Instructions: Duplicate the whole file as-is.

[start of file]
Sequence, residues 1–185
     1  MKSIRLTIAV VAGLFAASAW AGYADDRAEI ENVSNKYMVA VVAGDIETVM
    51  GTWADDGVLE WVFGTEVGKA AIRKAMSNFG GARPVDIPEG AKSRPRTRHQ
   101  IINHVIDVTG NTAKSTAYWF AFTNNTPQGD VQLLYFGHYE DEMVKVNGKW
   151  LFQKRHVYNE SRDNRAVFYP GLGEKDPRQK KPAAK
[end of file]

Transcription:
Sequence, residues 1–185
     1  MKSIRLTIAV VAGLFAASAW AGYADDRAEI ENVSNKYMVA VVAGDIETVM
    51  GTWADDGVLE WVFGTEVGKA AIRKAMSNFG GARPVDIPEG AKSRPRTRHQ
   101  IINHVIDVTG NTAKSTAYWF AFTNNTPQGD VQLLYFGHYE DEMVKVNGKW
   151  LFQKRHVYNE SRDNRAVFYP GLGEKDPRQK KPAAK